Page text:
Connecting Landscapes, Protecting Wildlife
OUR TEAM // OUR STORY // OUR PROJECTS
The Vital Ground Foundation is a charitable 501(c)3 organization and an accredited land trust.
Our mission is to protect and restore North America’s grizzly bear populations for future generations by conserving wildlife habitat and by supporting programs that reduce conflicts between bears and humans.
We imagine a connected landscape from Yellowstone into Canada in which bears and other wide-ranging wildlife have room to roam safely between wild strongholds. Connecting large blocks of public land with private lands, we envision Vital Ground as the leader in ensuring the survival of grizzly bears in the Northern Rockies.
Our Approach: Saving the Right Places
As a land trust, we complete land purchases and partner with private landowners on conservation agreements for their properties. Our projects keep wild places wild, working lands working, and open spaces open—for the benefit of grizzlies, people and entire communities. Some of these places fall in core year-round grizzly bear habitat. Others offer bears important spring or fall range, while some help build wildlife corridors that allow movement and crucial genetic exchange between populations that were once isolated.
We ground our work in the grizzly bear’s role as an umbrella species. When the land can support a healthy grizzly population, whole webs of native plants and animals flourish. Each of our projects is carefully chosen in consultation with wildlife biologists and the best available science.
Sometimes, we step in to buy a key piece of land before subdivision and development permanently transforms it. More often, we partner with landowners who plan to keep their property but want to ensure that its open and natural character lives on, no matter who owns it in the future. That’s the beauty of a conservation easement—it’s a written agreement that legally protects a place for the long haul. Each partnership is unique: should landowners wish to add houses for family members one day, we negotiate a building envelope that carefully defines where those structures can go. Should a rancher, farmer or forester wish to keep some of their land working, we find a balance between sustainable harvests and leaving room for wildlife. The results are win-win protections for people, grizzlies, and all the species that share their range.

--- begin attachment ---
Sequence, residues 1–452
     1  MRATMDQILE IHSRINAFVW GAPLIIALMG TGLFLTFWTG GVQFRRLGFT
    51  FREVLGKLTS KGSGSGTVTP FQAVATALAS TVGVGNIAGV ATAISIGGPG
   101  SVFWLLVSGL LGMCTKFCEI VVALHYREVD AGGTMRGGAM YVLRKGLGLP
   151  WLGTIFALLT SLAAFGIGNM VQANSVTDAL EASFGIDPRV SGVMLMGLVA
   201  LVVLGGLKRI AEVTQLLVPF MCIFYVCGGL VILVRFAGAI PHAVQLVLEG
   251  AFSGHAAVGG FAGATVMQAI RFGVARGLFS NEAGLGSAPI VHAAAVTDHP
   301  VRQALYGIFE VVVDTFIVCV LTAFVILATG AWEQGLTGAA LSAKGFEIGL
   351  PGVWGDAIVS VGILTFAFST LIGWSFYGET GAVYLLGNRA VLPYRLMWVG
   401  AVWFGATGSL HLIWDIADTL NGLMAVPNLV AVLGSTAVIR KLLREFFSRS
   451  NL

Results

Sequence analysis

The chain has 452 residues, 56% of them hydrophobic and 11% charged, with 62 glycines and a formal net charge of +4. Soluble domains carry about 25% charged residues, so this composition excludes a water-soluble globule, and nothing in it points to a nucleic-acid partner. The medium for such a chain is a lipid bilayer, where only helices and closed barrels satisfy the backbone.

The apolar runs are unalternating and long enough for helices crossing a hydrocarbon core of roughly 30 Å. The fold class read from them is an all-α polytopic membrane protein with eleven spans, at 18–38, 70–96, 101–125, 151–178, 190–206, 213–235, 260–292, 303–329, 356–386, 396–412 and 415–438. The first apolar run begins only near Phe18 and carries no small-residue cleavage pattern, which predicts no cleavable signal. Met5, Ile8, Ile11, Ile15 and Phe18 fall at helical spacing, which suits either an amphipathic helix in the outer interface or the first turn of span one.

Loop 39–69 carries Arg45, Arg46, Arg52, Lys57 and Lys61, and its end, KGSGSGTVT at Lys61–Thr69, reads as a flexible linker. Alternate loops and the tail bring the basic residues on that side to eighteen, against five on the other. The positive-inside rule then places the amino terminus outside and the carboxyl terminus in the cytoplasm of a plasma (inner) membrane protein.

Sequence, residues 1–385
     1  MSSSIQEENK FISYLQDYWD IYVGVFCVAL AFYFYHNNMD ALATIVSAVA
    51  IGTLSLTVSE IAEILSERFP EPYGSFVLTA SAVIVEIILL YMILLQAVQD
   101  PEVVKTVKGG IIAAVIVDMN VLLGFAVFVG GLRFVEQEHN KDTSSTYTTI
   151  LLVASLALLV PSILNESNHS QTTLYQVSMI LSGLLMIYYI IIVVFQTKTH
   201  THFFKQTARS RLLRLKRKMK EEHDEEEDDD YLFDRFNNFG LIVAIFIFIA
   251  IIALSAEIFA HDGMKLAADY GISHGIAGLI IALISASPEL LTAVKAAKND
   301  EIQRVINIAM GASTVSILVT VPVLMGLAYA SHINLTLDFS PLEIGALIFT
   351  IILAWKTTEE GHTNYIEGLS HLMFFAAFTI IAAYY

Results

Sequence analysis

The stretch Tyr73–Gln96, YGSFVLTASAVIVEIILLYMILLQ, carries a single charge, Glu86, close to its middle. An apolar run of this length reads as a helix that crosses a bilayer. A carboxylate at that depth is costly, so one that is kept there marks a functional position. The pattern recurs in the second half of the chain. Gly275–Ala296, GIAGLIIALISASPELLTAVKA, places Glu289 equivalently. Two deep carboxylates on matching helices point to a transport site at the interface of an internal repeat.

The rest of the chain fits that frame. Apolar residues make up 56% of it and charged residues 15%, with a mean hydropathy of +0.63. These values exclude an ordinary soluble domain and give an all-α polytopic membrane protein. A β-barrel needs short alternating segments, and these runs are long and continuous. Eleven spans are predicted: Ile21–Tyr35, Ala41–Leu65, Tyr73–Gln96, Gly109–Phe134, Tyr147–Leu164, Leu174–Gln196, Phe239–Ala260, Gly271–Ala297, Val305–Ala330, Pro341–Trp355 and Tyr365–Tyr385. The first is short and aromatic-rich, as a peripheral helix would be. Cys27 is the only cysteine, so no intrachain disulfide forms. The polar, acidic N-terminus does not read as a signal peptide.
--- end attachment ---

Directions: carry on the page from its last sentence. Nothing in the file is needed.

But saving land is not enough. To survive the 21st century, grizzlies in the Lower 48 need community buy-in alongside open space. That’s why we also provide grants to local programs that prevent conflicts between bears and humans. These are boots-on-the-ground initiatives—efforts like installing electric fences around livestock pens and fruit trees, securing garbage in bear-resistant containers, or hosting bear spray trainings and other public education events.
Whether on the land or in the community, our projects blend the conservation of grizzly bears with the conservation of rural places and lifestyles. It’s not a matter of roping off thousands and thousands of untouched acres—it’s about protecting the most vital acres, the ones in exactly the right place.